For the uninitiated/those who have never used the Internet (if that’s you, how did you get here?!), Pandora Internet Radio works on a pretty simple principle: choose an artist you like, and their algorithm will create a “station” of similar artists. For example, as the Village Voice points out, Pandora’s algorithm has determined that fans of folk act Bon Iver would probably like the songs of famed cultist Charles Manson. No, really.
Before he was a megalomaniac responsible for masterminding one of the most gruesome killing sprees in American history, Manson tried his hand at becoming a genuine ’60s folk rocker. His music was distributed on the once-dead-now-resurrected label ESP, and his recent output (yep, recent output) has been released via Magic Bullet Records. Some of those recordings, specifically a track called “People Say I’m No Good” (duh) have been popping up on Bon Iver-based Pandora stations in recent weeks.
The Voice did a bit of digging, and found Manson’s music also available on Rdio and Spotfiy, so they reached out to each streaming service. Spotify’s spokesperson Graham James stated that the company vets the music it streams, but that Manson’s work “did not raise any red flags” (though he couldn’t/wouldn’t comment on what would raise flags). Rdio’s Shana Fong admitted that the three-year-old company is simply expanding too quickly for them to vet each and every track.
Fong went on to explain how Rdio goes about acquiring songs for its streaming service. Small indie labels don’t often have the legal teams of the Sony’s and Universal’s of the world, so they frequently use third-party distributors. In the case of Manson, The Orchard is a company which owns 7.5 million song distribution rights, including those on ESP and Magic Bullet; Rdio simply picked up its offerings in one bulk purchase.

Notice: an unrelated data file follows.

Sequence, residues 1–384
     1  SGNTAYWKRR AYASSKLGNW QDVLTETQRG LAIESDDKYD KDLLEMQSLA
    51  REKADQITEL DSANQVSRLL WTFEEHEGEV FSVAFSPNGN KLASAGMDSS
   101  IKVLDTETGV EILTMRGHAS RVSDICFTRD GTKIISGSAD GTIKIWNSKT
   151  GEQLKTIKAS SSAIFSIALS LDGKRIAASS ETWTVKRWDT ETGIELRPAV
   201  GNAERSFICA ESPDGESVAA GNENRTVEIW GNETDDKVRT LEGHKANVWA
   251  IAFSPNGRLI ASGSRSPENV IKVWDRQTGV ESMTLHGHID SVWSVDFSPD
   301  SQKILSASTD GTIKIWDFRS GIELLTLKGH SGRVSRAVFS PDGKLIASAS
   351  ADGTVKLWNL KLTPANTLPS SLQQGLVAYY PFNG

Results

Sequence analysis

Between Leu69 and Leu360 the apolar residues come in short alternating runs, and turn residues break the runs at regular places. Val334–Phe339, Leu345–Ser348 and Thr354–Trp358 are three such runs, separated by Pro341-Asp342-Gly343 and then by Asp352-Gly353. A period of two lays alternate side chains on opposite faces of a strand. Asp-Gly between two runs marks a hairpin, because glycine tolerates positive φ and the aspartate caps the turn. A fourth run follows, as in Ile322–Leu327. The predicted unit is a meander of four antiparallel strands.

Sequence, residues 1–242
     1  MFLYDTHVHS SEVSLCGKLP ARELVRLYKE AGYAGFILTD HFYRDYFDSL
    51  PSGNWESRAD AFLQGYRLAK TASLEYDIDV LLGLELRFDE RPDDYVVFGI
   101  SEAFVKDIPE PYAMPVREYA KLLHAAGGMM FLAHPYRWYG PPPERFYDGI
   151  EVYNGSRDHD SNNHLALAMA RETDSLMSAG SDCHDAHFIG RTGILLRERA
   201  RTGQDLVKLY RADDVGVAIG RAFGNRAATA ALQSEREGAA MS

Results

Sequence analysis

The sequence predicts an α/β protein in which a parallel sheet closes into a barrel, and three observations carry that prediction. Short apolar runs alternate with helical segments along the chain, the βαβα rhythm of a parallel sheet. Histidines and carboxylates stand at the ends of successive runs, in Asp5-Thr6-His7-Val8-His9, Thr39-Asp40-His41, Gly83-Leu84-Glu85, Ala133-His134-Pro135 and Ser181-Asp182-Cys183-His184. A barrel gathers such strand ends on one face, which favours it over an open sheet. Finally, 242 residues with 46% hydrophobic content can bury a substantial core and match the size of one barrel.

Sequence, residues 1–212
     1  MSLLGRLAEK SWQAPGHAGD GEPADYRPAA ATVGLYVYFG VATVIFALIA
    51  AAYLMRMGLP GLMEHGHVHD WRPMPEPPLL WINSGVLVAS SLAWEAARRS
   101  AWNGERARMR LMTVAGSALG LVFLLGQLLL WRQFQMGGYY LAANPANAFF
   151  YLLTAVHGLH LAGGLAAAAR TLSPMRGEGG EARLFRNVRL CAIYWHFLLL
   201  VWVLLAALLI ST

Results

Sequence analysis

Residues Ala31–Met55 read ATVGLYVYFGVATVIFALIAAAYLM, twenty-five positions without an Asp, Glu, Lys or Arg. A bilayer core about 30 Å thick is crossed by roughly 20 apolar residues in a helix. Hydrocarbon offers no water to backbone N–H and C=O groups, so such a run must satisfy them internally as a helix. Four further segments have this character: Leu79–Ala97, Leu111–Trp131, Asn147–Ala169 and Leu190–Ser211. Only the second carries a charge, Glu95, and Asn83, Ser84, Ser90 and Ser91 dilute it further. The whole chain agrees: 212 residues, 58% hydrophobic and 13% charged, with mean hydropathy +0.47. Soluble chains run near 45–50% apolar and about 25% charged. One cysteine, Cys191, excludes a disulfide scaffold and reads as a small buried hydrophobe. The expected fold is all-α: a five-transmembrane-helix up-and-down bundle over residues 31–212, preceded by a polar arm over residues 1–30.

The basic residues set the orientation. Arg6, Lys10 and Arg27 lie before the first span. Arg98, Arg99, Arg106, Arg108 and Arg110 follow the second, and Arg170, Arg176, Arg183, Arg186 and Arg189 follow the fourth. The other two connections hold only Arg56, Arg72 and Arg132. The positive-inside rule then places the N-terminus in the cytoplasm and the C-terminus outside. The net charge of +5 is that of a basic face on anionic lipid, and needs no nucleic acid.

Unlike their competitors, Pandora’s manager of curation Michael Addicott claims that Manson’s inclusion on Pandora was quite intentional. “We build the collection from an inclusive point of view, considering long-term cultural and historical perspectives in addition to current popularity,” he told the Voice. “In the specific case of Charles Manson’s music, it is historically relevant and we collect music like this deliberately.”
The Voice caps off their piece by lamenting the “post-DJ” culture of online music listening, adding, “There is no DJ, just a system of soulless algorithms that rely on superficial descriptive tags and can’t tell the difference between a Grammy-winning Starbucks favorite and walking symbol of drug-addled depravity. To Pandora, they’re just two artists who have ‘mellow rock instrumentation,’ ‘folk influences,’ and ‘mild rhythmic syncopation.'” On the upside, at least Manson won’t be making any money from his songs being streamed.
See just how similar Manson and Bon Iver really are when you stream “People Say I’m No Good” and “Skinny Love” below.